But shy can also be quite unattractive when it conveys that you're talking to the girl but only thinking about yourself. That tape playing in your head about, "What happens if this doesn't work?" has nothing to do with the person you're asking out. It's all about you and whether you're a success or a failure in this endeavor, looking good or bad. People can sense that. Nobody wants to be a puppet in your "dating now" scheme. When you ask someone out, they like to feel like they matter. If they sense you're only thinking about your own success or failure and how all this is going to make you look, they tend to bow out because it doesn't matter who they are, they're just an object to be asked out.
Your lips may be trying to say, "Will you go out with me?" but your heart and mind appear to be saying, "Ohmygosh what happens if she says no and am I stupid and what if I'm not attractive and what if nobody likes me until I'm 30 and ancient and aargh my whole love life may be DOOOOOMED here!" Missing in all of that is anything actually having to do with her. When girls say that confidence is attractive they usually don't mean cockiness and "look at me" behavior. They mean it's attractive when a guy knows enough about who he is to stop playing that tape in his head and start paying actual attention to them.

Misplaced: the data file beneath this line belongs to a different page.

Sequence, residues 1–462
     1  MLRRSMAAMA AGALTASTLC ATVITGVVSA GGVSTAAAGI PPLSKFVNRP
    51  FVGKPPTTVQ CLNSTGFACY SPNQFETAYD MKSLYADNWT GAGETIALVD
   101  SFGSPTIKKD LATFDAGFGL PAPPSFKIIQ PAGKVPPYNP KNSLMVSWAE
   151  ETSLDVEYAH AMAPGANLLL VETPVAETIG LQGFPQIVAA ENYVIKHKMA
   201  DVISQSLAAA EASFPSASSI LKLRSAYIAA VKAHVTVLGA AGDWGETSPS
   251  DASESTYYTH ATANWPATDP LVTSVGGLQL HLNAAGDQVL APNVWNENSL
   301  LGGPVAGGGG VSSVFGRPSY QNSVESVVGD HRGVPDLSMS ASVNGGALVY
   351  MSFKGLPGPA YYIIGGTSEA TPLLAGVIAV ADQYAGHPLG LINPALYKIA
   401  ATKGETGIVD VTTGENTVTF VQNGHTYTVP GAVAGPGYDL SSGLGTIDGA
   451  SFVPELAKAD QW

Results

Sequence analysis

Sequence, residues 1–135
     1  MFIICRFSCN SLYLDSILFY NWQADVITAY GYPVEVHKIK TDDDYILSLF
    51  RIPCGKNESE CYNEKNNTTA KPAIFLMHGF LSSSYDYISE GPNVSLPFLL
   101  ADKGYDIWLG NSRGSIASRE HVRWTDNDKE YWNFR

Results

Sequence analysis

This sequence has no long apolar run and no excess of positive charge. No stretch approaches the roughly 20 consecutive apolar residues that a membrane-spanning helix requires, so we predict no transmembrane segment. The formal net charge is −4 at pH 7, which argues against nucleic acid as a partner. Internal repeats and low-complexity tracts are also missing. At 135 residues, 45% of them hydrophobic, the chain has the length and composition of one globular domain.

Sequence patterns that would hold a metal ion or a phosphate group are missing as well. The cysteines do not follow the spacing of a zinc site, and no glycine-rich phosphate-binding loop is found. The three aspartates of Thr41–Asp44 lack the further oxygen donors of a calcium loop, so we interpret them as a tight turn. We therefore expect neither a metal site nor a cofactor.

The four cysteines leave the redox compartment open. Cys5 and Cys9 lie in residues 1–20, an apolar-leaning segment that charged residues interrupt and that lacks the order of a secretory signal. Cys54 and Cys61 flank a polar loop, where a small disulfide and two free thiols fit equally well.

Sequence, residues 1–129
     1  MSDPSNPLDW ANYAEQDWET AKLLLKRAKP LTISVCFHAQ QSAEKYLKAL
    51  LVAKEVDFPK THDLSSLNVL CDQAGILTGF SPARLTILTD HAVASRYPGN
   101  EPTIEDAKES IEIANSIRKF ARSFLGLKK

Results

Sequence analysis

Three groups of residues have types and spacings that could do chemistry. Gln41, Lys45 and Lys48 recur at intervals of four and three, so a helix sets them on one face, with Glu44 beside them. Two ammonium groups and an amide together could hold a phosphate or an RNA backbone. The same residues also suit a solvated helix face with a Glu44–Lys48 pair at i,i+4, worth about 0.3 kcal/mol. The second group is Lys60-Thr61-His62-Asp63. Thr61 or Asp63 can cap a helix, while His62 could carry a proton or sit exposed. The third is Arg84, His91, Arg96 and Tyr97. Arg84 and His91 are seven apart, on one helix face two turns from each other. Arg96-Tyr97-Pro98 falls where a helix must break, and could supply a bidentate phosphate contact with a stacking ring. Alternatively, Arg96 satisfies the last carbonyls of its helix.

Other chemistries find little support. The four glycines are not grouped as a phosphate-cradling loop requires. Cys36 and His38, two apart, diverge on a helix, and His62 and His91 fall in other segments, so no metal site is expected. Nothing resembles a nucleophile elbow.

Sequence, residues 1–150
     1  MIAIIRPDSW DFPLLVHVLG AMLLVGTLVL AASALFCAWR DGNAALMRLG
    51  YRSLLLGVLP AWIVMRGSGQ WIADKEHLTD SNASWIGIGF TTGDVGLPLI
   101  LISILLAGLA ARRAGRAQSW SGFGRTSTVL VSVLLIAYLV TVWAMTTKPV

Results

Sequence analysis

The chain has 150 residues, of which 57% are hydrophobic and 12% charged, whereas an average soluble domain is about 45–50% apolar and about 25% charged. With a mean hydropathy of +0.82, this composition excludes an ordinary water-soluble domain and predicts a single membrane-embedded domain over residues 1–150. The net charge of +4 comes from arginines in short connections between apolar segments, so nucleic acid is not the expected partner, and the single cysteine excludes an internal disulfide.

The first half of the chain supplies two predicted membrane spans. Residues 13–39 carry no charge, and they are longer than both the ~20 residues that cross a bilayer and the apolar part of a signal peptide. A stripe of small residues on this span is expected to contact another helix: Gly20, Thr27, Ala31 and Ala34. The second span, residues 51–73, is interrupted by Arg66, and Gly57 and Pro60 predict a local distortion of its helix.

Figuring this out is all part of the process, but I'll tip the cards and tell you that the best way around it is to:
1. Understand that you are a real, important, and integral person no matter whether you date a particular girl at a particular time or not...that you have something to offer the world other than how you look because of who you're dating. Part of growing into adulthood is discovering all the ways this is true, which is why it's important to spend your time doing lots of things besides dating and wishing you were dating. That's how you find your interests and all the things you have to offer.
2. Understand that the person you're interested in is also an integral person. She can't be limited to staying on your ultimate date fantasy pedestal. She's just...her. Whether she wants to date you or not she deserves to be talked with like a normal human being. She deserves to be seen for her interests and gifts and not just as "hot dating material".
The more you can put aside notions of Brenda the Super Wonder Goddess Who's Going to Redeem Your Whole Dating Existence and just see Brenda the cute and attractive person who likes Yu-Gi-Oh and ice cream just like you, the less shy you're going to seem and the more real connection you're going to have with Brenda. Whether that turns into dating or not will be up to you and her, but either way your life will be easier.
Send your Mailbag questions (er...of whatever variety) to the address below! Please put "Mailbag" in the subject line.